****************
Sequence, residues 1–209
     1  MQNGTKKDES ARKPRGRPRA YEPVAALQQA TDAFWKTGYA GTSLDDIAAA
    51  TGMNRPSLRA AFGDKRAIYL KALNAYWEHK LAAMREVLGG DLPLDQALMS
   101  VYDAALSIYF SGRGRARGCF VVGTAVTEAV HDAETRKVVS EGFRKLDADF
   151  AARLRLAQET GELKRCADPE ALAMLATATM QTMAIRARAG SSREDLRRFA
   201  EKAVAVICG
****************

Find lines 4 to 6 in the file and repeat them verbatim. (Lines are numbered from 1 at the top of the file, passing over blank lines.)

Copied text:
   101  VYDAALSIYF SGRGRARGCF VVGTAVTEAV HDAETRKVVS EGFRKLDADF
   151  AARLRLAQET GELKRCADPE ALAMLATATM QTMAIRARAG SSREDLRRFA
   201  EKAVAVICG